Structure and Mechanisms of Activation
IKK is currently viewed as a heterodimer of IKKα/IKKβ associated with a dimer of NEMO. It is not excluded that IKKβ homodimers associated with NEMO also exist.
The recent crystallization of IKKβ (Xu et al. 2011; Polley et al. 2013) has revealed several additional and sometimes unpredicted features deserving comments. First, the overall structure of the dimer resembles a pair of shears (Fig. 2b) with the dimerization interface (the « blade ») appearing much more complex than initially thought. It consists in an α-helical scaffold/dimerization domain (SDD) formed by a large sequence composed of six α-helices and encompassing the previously described LZ and HLH, which do not exist as such. The SDD adopts an elongated conformation with the α2 and α6 helices (70 aa and 77 aa, respectively) running parallel on each IKK2β promoters and providing the hydrophobic residues that allow dimerization. The “handle” includes the kinase domain (KD), which has a typical bilobal form, and a previously poorly characterized domain, the ubiquitin-like domain (ULD), which by interacting with both the SDD and the KD allows full structuration of the catalytic moiety. This domain was originally identified by May et al. (May et al. 2004) who proposed its participation in substrate recognition.
The overal structure of IKKα is very similar to the one of IKKβ, in particular concerning the dimerization interface which also involves a SDD making contacts with an ULD that was originally thought to be present only in IKKβ (Polley et al. 2016). Interestingly, a higher-order organization of IKKα dimers has also been observed in crystals, a hexameric structure formed by a trimer of dimers. This peculiar arrangement is not observed with IKKβ questioning its putative relevance in the autophosphorylation of IKK (IKKα/IKKβ associated with NEMO). Instead it may represent the active species required for RelB/p52 phosphorylation in the noncanonical pathway of NF-κB signaling which only involves IKKα dimers (see below).
Controversy still exists regarding the real affinity of the NUB domain, the ZF, and the full-length NEMO protein toward K-63- versus linear-linked polyubiquitin chains (Rahighi et al. 2009, Laplantine et al. 2009). Further complicating the picture, mixed chains of polyubiquitins have been shown to be produced in cells and could actually represent the genuine target of NEMO. In any case, this intricate mode of ubiquitin recognition represents the heart of NEMO function. Through its interaction with polyubiquitinated partners, NEMO triggers the recruitment of IKK and its catalytic activation either by upstream kinase TAK1, the catalytic component of the TAK complex which is also recruited to ubiquitinated partners by TAB2/TAB3 subunits (see below), or by proximity-induced autophosphorylation (see above).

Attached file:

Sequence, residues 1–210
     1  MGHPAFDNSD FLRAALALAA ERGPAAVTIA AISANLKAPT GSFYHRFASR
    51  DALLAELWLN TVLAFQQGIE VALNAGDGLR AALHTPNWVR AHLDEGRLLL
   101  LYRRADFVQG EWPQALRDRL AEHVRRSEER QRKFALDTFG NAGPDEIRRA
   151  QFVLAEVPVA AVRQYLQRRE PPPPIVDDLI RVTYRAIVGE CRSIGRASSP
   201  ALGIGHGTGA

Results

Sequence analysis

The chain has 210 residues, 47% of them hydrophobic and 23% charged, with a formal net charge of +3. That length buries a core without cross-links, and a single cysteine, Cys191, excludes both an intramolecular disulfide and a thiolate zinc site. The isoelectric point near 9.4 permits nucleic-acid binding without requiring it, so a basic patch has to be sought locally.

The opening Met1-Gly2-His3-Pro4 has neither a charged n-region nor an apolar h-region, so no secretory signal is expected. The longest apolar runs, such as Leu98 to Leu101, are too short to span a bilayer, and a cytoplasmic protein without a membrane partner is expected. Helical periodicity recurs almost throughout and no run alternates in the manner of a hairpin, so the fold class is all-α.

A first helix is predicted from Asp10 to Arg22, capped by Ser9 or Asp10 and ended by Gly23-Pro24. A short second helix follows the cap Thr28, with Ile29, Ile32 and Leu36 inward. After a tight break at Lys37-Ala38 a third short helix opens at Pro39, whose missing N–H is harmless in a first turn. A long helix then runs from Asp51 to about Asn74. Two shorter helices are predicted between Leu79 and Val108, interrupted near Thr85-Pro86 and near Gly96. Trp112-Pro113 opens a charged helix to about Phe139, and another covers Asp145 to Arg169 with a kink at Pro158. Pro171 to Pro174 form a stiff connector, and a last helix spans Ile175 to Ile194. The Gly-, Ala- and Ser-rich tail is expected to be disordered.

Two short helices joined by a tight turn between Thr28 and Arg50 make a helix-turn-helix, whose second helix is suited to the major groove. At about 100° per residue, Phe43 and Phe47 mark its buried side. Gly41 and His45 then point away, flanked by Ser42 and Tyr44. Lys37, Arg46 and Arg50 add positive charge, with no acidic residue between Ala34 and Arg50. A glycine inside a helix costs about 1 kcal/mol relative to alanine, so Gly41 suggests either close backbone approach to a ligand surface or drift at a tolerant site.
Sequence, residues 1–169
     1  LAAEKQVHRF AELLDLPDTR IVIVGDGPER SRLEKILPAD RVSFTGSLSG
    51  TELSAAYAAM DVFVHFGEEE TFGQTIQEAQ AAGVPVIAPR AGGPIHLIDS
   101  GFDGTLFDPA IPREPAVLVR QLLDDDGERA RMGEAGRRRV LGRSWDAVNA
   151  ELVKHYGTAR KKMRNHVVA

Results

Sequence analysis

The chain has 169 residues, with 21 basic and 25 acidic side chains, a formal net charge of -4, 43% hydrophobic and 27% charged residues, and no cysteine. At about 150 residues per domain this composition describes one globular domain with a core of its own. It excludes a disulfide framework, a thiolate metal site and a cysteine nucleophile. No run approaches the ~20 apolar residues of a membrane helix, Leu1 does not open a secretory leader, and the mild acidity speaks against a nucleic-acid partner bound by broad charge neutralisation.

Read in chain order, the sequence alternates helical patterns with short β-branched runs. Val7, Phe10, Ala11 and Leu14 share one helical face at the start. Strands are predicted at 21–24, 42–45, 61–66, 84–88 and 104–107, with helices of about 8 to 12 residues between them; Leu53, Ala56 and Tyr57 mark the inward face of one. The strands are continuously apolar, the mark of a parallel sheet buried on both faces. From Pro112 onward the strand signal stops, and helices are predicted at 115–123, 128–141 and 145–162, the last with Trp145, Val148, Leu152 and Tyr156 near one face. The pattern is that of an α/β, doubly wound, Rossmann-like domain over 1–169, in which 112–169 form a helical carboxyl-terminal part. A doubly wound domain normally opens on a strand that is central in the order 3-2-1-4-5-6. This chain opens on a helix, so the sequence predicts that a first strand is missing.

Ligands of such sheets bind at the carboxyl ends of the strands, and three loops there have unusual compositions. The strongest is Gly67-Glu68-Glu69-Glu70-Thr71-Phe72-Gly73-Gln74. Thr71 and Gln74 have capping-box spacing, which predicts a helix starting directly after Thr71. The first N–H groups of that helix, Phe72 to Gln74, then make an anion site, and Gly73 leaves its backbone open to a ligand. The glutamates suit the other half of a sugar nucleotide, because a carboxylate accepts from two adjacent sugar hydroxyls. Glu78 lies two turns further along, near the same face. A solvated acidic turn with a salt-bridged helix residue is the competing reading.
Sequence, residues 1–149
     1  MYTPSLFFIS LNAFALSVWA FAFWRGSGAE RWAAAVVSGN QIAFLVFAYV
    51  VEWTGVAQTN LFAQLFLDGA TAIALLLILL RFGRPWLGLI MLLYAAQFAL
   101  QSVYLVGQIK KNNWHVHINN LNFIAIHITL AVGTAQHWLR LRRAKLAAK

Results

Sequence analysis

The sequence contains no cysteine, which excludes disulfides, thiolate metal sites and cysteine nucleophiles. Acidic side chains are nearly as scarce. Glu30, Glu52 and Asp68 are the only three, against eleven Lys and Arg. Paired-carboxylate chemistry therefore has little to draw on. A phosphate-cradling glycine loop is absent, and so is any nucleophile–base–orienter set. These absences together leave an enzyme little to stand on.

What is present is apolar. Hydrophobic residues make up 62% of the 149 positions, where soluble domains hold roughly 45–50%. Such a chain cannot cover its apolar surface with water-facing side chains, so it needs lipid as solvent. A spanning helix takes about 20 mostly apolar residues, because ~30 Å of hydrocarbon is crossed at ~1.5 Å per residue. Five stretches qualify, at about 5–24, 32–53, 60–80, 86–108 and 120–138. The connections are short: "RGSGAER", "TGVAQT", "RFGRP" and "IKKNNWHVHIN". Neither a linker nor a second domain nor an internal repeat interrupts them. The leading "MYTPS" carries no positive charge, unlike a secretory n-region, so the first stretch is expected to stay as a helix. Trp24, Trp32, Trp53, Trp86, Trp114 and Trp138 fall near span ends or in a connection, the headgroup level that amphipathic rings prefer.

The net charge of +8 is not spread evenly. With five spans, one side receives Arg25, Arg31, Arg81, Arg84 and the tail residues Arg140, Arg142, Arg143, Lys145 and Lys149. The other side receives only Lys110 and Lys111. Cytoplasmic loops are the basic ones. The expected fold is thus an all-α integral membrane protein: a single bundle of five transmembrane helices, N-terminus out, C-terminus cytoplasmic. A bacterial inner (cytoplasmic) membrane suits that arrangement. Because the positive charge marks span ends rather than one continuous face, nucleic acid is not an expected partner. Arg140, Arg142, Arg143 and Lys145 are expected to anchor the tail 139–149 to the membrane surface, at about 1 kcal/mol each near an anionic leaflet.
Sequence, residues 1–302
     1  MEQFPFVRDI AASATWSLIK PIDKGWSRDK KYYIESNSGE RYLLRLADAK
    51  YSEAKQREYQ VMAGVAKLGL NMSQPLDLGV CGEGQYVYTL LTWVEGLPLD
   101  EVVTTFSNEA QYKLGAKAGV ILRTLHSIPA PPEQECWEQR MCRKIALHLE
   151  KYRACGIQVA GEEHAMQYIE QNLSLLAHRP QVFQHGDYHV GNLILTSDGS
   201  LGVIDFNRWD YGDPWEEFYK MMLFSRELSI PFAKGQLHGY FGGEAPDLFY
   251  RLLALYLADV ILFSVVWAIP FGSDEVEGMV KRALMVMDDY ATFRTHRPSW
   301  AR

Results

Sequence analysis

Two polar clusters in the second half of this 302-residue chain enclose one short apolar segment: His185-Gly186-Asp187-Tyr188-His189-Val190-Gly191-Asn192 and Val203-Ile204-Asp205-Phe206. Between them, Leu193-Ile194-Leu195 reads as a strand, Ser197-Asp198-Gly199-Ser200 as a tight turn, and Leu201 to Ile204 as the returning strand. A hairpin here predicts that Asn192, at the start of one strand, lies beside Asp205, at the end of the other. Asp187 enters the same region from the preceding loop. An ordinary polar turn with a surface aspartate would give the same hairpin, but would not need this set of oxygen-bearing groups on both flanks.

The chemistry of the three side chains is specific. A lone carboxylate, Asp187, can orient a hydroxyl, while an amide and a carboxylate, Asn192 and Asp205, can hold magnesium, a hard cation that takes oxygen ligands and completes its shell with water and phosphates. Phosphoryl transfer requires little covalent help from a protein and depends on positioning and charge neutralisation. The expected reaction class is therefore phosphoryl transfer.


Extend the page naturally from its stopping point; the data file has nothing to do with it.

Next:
NEMO posttranslational modifications also regulate its function during the IKK activation process. In addition to being an ubiquitin-binding protein, NEMO is also a target for ubiquitination. Several lysine residues such as Lys285, Lys309, and Lys399 have been shown to be modified by K63- and/or linear-linked chains (Abbott et al. 2004; Tokunaga et al. 2009). This may help strengthening interaction of multiprotein complexes and favor IKK activation. NEMO has also been reported to be phosphorylated at several residues, but the function of these modifications in IKK activity remains less clear. For instance, residue Ser68 can be phosphorylated by IKKα/IKKβ (Palkowitsch et al. 2008), whereas Ser8, Ser17, Ser31, and Ser43 represent targets of GSK-3β (Medunjanin et al. 2016). In both cases this may modulate IKK activity.
Finally, it is worth mentioning that NEMO is often targeted by viral- or bacterial- derived proteins to block the IKK/NF-κB activation process. In several cases, it is degraded by specific proteases, such as members of the 3C-like proteases family (Zhu et al. 2016), and its degradation by the proteasome following K27-linked ubiquitination has also been reported (Ashida et al. 2010).